HVCC Impact on Appraisal

Impact of the Home Valuation Code of Conduct on Appraisal and Mortgage Outcomes

During the housing crisis, it came to be recognized that inflated home mortgage appraisals were widespread during the subprime boom. The New York State Attorney General’s office investigated this issue with respect to one particular lender and Fannie Mae and Freddie Mac. The investigation resulted in an agreement between the Attorney General’s office, the government-sponsored enterprises (GSEs), and the Federal Housing Finance Agency (the GSEs’ federal regulator) in 2008, in which the GSEs agreed to adopt the Home Valuation Code of Conduct (HVCC). Using unique data sets that contain both approved and nonapproved mortgage applications, this study provides an empirical examination of the impact of the HVCC on appraisal and mortgage outcomes. The results suggest that the HVCC has reduced the probability of inflated valuations and induced a significant increase in low appraisals. The HVCC also made it more difficult to obtain mortgages in the aftermath of the financial crisis.

In the wake of the financial crisis, regulators and policymakers questioned whether inherent conflicts of interests between lenders and appraisers compromised the accuracy of appraisals utilized before the housing crisis. In response, laws and regulations were enacted to address the conflict-of-interest issues in appraisals for residential mortgages. With significantly tightened regulations and the decline in housing prices in many areas, home valuations in some areas became undervalued and new mortgages became harder to obtain in the aftermath of the crisis.

Despite the controversial role of appraisers before and during the most recent housing crisis, there is a dearth of empirical research about the effects of regulatory changes since the crisis on appraisal outcomes and the housing market overall. This study provides the first empirical examination of the impact of a major appraisal rule, the now-superseded Home Valuation Code of Conduct (HVCC), which was adopted in the middle of the housing crisis, on low appraisals and mortgage outcomes.




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5 Responses

  1. Retired Appraiser Retired Appraiser says:

    Their Final Analysis: “The results suggest that the HVCC has reduced the probability of inflated valuations and induced a significant increase in low appraisals.”

    Well slap my ask and tickle my balls! Was that the ONLY result of HVCC? Not quite.

    I. HVCC also resulted in billions having poured back into the vaults of banks from the pockets of appraisers across the country (it’s primary mission actually). Those billions continue to flow.

    II. HVCC resulted in the highest migration of experienced (intelligent) appraisers from the profession in it’s entire history. The mass migration continues.

    Don’t insult our intelligence. The people that banks hire to write this jibberish are the same types of men that examine an egg for 3 hours to determine the most efficient way to crack it for an omelet. Unfortunately they also have no connection with reality.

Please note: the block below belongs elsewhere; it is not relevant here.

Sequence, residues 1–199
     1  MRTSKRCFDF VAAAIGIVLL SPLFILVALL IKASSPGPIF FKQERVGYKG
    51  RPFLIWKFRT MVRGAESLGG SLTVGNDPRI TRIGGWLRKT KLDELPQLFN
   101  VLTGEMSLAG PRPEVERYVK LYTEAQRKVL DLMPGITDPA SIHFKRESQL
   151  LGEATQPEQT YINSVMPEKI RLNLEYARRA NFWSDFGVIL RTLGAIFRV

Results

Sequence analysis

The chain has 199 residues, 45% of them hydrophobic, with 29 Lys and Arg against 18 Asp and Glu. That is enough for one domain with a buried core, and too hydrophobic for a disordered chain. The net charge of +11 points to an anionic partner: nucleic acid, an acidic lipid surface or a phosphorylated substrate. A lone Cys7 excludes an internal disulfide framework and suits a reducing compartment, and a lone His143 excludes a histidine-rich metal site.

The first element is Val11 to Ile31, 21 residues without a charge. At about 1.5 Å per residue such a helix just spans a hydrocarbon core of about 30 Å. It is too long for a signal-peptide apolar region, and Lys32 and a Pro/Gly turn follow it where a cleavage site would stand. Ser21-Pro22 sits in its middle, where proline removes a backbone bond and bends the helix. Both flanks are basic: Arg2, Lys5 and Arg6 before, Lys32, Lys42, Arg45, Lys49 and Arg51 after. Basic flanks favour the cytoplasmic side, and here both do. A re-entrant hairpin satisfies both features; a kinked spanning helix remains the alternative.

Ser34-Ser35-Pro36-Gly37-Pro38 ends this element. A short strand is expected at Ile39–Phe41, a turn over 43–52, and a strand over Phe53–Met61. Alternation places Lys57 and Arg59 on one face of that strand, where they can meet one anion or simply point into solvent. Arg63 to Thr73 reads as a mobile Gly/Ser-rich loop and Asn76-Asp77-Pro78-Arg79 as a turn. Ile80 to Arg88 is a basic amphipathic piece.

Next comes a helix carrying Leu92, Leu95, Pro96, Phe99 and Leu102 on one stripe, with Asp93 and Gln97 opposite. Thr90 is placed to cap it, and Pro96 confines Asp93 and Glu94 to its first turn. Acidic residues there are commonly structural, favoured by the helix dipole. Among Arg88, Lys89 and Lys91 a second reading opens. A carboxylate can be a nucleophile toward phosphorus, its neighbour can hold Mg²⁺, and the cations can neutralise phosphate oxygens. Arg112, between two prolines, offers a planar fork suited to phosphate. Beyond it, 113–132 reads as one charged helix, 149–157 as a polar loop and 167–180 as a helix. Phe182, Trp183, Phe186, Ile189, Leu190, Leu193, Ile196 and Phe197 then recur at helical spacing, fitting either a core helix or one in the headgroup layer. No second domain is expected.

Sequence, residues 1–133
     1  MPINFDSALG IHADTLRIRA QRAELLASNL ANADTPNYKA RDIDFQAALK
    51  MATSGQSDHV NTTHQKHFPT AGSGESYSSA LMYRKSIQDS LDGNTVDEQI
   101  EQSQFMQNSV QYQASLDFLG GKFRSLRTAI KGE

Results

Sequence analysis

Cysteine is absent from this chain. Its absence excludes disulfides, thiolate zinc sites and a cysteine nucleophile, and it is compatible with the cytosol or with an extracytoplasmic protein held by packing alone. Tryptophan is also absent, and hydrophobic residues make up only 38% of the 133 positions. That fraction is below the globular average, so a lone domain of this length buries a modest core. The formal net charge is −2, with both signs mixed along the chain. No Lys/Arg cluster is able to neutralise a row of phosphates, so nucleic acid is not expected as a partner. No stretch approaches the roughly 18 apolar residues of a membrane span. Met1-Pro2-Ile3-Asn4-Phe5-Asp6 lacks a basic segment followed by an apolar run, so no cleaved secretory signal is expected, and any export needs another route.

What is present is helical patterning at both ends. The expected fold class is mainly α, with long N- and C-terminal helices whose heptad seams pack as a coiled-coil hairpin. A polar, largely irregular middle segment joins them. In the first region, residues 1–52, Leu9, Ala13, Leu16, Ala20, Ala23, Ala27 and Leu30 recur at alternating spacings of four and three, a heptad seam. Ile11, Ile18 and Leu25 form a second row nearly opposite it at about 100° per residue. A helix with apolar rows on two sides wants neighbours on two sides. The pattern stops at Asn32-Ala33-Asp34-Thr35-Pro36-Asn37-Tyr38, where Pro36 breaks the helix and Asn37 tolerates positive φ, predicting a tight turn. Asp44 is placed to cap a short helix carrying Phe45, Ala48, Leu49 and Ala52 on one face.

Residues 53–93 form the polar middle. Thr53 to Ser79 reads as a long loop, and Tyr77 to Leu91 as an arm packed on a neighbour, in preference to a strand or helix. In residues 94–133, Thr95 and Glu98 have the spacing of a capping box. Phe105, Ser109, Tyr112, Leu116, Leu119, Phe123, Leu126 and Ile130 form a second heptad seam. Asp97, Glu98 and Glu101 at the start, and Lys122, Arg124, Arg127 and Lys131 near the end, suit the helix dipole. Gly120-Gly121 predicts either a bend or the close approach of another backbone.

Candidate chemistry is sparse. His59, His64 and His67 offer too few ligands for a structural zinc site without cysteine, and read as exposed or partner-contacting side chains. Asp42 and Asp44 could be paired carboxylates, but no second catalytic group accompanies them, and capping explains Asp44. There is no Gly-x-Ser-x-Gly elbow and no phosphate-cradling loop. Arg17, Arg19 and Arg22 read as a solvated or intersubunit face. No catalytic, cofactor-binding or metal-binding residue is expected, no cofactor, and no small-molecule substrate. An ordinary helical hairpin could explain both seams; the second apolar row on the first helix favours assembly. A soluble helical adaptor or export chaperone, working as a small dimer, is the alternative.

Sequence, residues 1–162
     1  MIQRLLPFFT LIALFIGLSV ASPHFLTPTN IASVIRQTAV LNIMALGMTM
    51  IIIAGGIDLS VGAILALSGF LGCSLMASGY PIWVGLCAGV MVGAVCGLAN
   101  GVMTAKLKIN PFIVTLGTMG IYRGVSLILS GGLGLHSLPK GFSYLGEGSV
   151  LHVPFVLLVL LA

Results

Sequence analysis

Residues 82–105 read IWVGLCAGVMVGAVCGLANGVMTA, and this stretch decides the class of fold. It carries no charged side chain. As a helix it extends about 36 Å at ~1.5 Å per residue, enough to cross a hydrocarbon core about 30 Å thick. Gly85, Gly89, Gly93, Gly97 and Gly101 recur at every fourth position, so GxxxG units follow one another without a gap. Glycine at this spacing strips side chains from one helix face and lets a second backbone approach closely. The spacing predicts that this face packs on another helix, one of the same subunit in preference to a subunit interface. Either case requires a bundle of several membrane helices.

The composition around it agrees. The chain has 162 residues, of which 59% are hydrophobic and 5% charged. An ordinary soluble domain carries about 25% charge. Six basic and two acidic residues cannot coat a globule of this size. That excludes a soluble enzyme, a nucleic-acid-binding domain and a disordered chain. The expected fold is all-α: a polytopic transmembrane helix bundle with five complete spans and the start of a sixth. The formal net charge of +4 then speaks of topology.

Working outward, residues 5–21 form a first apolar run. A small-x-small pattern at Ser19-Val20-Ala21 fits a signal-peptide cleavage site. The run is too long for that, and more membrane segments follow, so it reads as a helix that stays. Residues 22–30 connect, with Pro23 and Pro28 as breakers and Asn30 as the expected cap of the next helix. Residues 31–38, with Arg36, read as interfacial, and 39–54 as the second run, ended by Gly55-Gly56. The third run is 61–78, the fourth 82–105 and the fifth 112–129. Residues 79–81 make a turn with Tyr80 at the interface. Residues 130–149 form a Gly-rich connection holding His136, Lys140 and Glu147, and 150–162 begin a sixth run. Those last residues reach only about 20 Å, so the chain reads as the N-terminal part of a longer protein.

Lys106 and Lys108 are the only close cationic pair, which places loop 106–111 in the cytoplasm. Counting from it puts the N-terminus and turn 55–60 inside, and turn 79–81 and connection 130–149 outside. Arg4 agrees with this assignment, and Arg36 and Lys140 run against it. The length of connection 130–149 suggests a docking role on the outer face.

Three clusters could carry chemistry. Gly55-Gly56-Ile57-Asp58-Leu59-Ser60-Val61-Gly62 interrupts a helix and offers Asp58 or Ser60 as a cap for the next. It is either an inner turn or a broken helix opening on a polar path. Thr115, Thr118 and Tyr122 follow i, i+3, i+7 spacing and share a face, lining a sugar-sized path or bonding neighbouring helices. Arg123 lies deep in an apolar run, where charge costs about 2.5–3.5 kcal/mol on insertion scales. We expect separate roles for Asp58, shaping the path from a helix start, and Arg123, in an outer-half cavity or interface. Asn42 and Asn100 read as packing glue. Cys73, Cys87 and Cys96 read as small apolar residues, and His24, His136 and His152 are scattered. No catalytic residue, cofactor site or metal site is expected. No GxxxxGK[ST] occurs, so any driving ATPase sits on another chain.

Nice try banks but we know BS when we read it. Save it for someone that actually gives a ship what you think about the impact of HVCC.

  2. Retired Appraiser Retired Appraiser says:

    FACT: A simple blind rotation list would have achieved the same goal with superior results.

    Why was a blind rotation list never considered? Because it would not pour appraisal fees into the pockets of banks.

    Case closed Federal Reserve Bank Of Philly Cheese Steak

  3. Retired Appraiser Retired Appraiser says:

    If funneling appraisers fees into bank vaults was not the primary goal of HVCC bank the banking lobby would have stopped fighting transparency of AMC/Appraisal fees on the HUD-1 settlement form years ago. The fact that they continue to fight it month after month and year after year is as good as a signed confession.

  4. Lori Noble on Facebook Lori Noble on Facebook says:

    I read the report 3 times, consulted other appraisers equally familiar with the HVCC cause and aftermath and none of us can determine exactly what this author was trying to prove. Of ALL the options to report, this one fell far short of glory in accuracy or substance. It’s obvious there were no professional appraisers consulted when the piece was written. I didn’t even acknowledge it because it’s just that damn irrelevant and vague.

  5. Avatar David says:

    Wow!!! It was the appraisers’ fault! I’m sure tire of re-hashing over the same old BS. After all we have the people who created the problem, solving it? Really. Congress can’t even manage a balanced budget…


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HVCC Impact on Appraisal

by AppraisersBlogs time to read: 1 min